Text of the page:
• A common inquiry form that can be used to query multiple funding agencies about their ability to fund a project is available on the CFCC website. From the home page, the CFCC Inquiry Form is available under Quick Links at the top right of the home page. Additionally a copy of the inquiry form and answers to other questions on the CFCC can be obtained by e-mailing

The California State Library, California Grants Portal: one destination to find all state grant and loan opportunities provided on a first-come or competitive basis. Visit to find funding opportunities for your community.

California Governor’s Office of Emergency Services Grants Management: The CalOES Division administers federal and state funds for criminal justice, emergency management, victim services, and homeland security. Disaster recovery and preparedness funding may be available from this source.

The State Water Board, Division of Financial Assistance (DFA), provides Funding Assistance Options with a tool entitled: “Help Me Find Funding” Options. There are four fields (funding type, applicant type, project phase, and project type) that when filled out provide you with DFA’s currently available funding source(s).

CoolCalifornia Funding Wizard helps project organizers locate grant funding and initiatives for projects which are concerned with sustainability.

Rural Community Assistance Corporation, Environmental Infrastructure Loans: RCAC offers loans to finance water and waste facility projects. RCAC’s loan program is unique — it provides the early funds small rural communities need to determine project feasibility and to pay pre-development costs prior to receiving state and federal funding. Website:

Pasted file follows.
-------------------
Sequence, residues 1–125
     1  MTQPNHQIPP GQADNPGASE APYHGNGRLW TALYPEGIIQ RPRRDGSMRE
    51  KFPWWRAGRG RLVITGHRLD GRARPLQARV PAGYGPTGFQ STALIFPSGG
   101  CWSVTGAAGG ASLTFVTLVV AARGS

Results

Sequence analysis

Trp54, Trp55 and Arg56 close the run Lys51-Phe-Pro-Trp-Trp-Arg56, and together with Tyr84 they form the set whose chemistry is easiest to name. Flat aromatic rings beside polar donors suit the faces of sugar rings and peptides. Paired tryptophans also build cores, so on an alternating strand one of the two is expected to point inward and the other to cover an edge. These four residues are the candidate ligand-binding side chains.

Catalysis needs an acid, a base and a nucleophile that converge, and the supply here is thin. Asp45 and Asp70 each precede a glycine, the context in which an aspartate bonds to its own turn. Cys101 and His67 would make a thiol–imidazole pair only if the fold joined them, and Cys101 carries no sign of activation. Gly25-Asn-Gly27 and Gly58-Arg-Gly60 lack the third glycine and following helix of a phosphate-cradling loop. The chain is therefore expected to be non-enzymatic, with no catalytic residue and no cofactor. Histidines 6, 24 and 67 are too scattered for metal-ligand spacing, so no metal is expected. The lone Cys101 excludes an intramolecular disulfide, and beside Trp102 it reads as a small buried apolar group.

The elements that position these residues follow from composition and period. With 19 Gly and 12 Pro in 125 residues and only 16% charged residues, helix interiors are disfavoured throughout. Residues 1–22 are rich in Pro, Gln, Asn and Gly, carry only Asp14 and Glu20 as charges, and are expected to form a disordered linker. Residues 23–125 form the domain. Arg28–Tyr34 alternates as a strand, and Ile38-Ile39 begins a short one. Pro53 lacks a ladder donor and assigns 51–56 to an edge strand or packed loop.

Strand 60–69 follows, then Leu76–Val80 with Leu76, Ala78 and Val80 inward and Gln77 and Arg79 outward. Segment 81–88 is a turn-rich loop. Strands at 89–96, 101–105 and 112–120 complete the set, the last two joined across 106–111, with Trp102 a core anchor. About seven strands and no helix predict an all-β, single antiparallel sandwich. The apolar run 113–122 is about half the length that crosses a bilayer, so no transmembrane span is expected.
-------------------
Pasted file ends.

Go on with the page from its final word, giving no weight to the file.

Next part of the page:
Indian Health Service’s (IHS) Mission Statement is to raise the physical, mental, social and spiritual health of American Indians and Alaska natives (AI/AN) to the highest level. IHS can connect tribes with potential resources for to support project funding.

First Nations Development Institute Grantmaking: First Nations Development Institute provides financial and technical resources to Tribes and Native nonprofit organizations to support asset-based development efforts. This website has a link to current grant opportunities and resources for grant seekers. The site has a dedicated California Tribal Fund that was created to support California-based, California-Native-led nonprofits and Tribal programs in controlling and protecting their food systems, water, languages, traditional ecological knowledge, and land.